Referring to FIG. 5, a simplified schematic of one of inverters 40a-f or 50a-f as implemented in CMOS technology is shown. Inverters 40a-f and 50a-f are all the same or matched. That is, inverters 40a-f and 50a-f are copies formed using the same processes and materials on the same integrated circuit, and function under the same operating conditions such as bias and temperature. Thus, inverters 40a-f and 50a-f are slaved together, and all exhibit the same dynamic or instantaneous delay in response to the total PLL feedback current io. Therefore, only one inverter will be described with reference to FIG. 5, but it is understood that the description is applicable to all inverters 40a-f and 50a-f.
Still referring to FIG. 5, the total PLL feedback current io flows through MOS transistor 60 which is here shown as a diode connected n-type. The gate of transistor 60 is connected in common to the gate of MOS transistor 62 here shown as an n-type, and transistor 62 mirrors the current of transistor 60. Thus, transistor 62 of each inverter 40a-f and 50a-f operates as a current source, and the total PLL feedback current io flows through each transistor 62. MOS transistor 64, here shown as an n-type, is connected in series with transistor 62 and serves to enhance the accuracy of the current mirror function of transistor 62.
The io current that flows through transistor 62 is drawn from either leg 66a or 66b. Leg 66a includes transistor 68a here shown as a p-type, and MOS transistor 70a here shown as an n-type. Leg 66b includes MOS transistor 68b here shown as a p-type and MOS transistor 70b here shown as an n-type. MOSFET transistors 68a and b are operated below their saturation voltage (i.e. in their linear or triode region), and thus function as resistors that vary in resistance here in response to their gate voltage. Transistors 70a and b function as switches that are turned on and off in differential or complementary manner by the respective outputs of previous inverters 40a-f and 50b-f or, in the case of inverter 50a , by the differential inputs to 90° phase shifter 18. That is, the differential inputs of inverters 40a-f and 50a-f are connected to the respective gates of transistors 70a and b to turn one on at a time. Thus, in response to the differential inputs (one being high and the other being low) transistors 70a and b are turned on and off to steer the io current from one transistor 68a to the other transistor 68b, and visa versa. As is well understood in the art, the leg 66a or b through which the current flows has a voltage drop across the respective transistor 68a or b, while there is no voltage drop across the opposite transistor 68a or b. Thus, corresponding differential outputs are connected to respective nodes 72a and b.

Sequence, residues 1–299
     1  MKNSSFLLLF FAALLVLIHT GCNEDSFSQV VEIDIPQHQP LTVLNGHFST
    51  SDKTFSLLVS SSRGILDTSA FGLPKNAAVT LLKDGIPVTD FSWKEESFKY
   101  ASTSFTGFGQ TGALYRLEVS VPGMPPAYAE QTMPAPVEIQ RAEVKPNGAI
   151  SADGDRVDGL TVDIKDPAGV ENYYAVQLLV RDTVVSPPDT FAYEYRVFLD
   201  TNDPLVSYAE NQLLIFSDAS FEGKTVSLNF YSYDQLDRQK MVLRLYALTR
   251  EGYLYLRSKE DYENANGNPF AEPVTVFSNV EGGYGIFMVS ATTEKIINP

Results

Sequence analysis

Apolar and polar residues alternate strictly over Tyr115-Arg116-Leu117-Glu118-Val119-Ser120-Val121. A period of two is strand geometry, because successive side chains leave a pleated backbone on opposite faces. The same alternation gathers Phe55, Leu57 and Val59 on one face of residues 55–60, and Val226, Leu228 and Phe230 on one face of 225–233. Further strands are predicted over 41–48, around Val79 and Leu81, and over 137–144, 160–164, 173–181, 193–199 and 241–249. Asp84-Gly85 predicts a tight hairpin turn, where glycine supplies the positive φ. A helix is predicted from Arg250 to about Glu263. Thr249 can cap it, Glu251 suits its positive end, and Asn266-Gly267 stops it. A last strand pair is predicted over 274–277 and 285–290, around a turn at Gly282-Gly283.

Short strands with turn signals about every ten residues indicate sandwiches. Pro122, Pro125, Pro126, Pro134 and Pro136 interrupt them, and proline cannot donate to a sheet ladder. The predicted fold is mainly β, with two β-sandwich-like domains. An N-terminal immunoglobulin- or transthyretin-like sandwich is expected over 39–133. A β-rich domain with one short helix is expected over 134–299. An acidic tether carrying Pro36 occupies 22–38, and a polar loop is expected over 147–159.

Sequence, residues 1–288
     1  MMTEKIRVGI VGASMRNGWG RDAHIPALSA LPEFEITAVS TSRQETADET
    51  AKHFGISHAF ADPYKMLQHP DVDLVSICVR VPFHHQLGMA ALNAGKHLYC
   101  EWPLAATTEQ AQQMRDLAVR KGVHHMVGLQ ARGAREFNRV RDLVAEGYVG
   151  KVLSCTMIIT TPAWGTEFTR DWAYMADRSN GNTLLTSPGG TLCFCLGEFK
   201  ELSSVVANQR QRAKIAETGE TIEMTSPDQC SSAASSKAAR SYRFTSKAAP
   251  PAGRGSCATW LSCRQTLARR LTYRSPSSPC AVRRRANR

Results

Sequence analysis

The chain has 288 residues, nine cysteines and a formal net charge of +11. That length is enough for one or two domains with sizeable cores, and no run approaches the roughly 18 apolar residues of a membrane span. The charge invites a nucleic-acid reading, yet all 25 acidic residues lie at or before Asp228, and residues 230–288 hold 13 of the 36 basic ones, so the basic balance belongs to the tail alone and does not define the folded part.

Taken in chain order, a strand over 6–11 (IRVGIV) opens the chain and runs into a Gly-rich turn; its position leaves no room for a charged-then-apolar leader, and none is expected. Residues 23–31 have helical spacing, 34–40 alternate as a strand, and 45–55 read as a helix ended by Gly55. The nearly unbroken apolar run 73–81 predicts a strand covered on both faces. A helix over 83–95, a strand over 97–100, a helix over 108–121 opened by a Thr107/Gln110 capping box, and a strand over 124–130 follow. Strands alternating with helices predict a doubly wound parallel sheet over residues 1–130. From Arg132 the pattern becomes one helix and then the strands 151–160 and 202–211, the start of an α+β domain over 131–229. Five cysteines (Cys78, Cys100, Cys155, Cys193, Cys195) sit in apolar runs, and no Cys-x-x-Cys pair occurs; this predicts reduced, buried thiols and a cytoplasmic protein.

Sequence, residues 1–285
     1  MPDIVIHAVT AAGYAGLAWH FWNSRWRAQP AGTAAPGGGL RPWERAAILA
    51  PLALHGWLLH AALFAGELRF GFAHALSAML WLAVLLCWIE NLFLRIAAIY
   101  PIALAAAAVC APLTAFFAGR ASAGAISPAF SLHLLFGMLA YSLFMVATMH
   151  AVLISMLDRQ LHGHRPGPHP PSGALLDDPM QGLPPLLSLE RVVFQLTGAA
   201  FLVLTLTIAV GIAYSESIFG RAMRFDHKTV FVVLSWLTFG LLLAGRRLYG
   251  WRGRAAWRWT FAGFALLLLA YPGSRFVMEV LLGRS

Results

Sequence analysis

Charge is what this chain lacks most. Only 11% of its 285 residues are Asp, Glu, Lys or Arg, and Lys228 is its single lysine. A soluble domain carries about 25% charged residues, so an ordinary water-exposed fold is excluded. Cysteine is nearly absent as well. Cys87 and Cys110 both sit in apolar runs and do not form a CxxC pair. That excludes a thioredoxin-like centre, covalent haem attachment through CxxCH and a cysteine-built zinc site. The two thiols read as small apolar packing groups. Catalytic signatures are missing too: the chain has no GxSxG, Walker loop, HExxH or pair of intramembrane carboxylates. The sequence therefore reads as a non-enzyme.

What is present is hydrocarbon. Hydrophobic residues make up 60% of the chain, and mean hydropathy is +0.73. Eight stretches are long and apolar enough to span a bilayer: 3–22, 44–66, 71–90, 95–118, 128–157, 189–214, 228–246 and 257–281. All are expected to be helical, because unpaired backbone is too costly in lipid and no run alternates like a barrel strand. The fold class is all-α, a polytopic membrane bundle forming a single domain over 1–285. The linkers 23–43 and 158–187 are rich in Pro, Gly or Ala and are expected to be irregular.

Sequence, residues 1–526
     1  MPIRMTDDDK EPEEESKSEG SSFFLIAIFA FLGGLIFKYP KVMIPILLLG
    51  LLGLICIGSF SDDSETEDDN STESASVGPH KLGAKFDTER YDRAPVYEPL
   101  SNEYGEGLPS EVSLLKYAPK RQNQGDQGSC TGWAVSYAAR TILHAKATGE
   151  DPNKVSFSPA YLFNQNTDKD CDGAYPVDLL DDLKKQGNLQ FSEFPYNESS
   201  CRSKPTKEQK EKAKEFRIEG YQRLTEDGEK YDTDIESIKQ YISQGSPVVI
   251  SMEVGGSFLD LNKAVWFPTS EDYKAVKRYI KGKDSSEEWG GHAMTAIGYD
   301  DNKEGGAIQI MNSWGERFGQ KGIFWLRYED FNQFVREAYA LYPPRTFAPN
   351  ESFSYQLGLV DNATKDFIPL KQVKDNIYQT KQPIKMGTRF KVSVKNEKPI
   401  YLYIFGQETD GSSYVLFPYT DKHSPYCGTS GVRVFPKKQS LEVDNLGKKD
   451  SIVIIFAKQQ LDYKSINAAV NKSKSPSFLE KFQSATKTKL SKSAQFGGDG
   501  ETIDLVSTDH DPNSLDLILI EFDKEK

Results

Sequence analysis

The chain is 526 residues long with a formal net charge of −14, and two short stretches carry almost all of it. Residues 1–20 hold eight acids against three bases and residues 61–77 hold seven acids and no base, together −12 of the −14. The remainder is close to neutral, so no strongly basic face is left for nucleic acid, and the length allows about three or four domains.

The differential output voltage at nodes 72a and b oscillates between a maximum voltage VDD when no current is flowing through the associated transistor 68a or b and a minimum voltage VDD-Ri o when the entire current io flows through the associated transistor 68a or b. R is the resistance value of the associated transistor 68a or b which, as described above functions as a variable resistor. Hence, the oscillation amplitude A is given by the equation:
The oscillation frequency depends on how fast an inverter 40a-f and 50a-f drives the differential inputs of the next inverter to cause the transistors 70a and b to switch their respective conduction states. In essence, the next inverter can be considered to be a capacitive load, and therefore the speed or delay of an inverter depends on how fast the current io discharges the capacitor to the minimum voltage VDD -Rio and how fast the current through transistor 68a or b charges the capacitor to the maximum voltage VDD.
In a circuit described by B. Kim, N. Helman and P. R. Gray entitled "A 30-MHz Hybrid Analog/Digital Clock Recovery Circuit in 2-um CMOS", IEEE Journal of Solid-State Circuits, vol 25, pp. 1385-1394, December 1990, the oscillation frequency was increased by decreasing the value of the resistance R to decrease the oscillation amplitude A while leaving the current io constant. Here, however, the oscillation frequency is increased by the PLL 28 increasing the value of io flowing through transistor 60, and thus transistor 62 of each inverter 40a-f and 50a-f that mirrors the current of transistor 60. However, in order to keep the oscillation amplitude A constant while realizing the frequency change effect of changing the current io, the resistances of transistors 68a and b are varied inversely to the current. This function is performed by transistor bias circuit 74.